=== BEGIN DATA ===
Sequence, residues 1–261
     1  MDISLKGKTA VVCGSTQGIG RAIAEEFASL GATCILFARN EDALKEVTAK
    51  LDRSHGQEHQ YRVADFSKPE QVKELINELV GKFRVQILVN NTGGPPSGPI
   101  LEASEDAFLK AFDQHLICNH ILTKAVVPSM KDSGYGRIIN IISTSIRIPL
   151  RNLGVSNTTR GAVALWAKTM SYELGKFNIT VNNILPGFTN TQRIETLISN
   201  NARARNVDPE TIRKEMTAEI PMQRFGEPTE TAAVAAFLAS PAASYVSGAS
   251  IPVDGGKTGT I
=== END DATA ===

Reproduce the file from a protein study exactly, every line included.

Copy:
Sequence, residues 1–261
     1  MDISLKGKTA VVCGSTQGIG RAIAEEFASL GATCILFARN EDALKEVTAK
    51  LDRSHGQEHQ YRVADFSKPE QVKELINELV GKFRVQILVN NTGGPPSGPI
   101  LEASEDAFLK AFDQHLICNH ILTKAVVPSM KDSGYGRIIN IISTSIRIPL
   151  RNLGVSNTTR GAVALWAKTM SYELGKFNIT VNNILPGFTN TQRIETLISN
   201  NARARNVDPE TIRKEMTAEI PMQRFGEPTE TAAVAAFLAS PAASYVSGAS
   251  IPVDGGKTGT I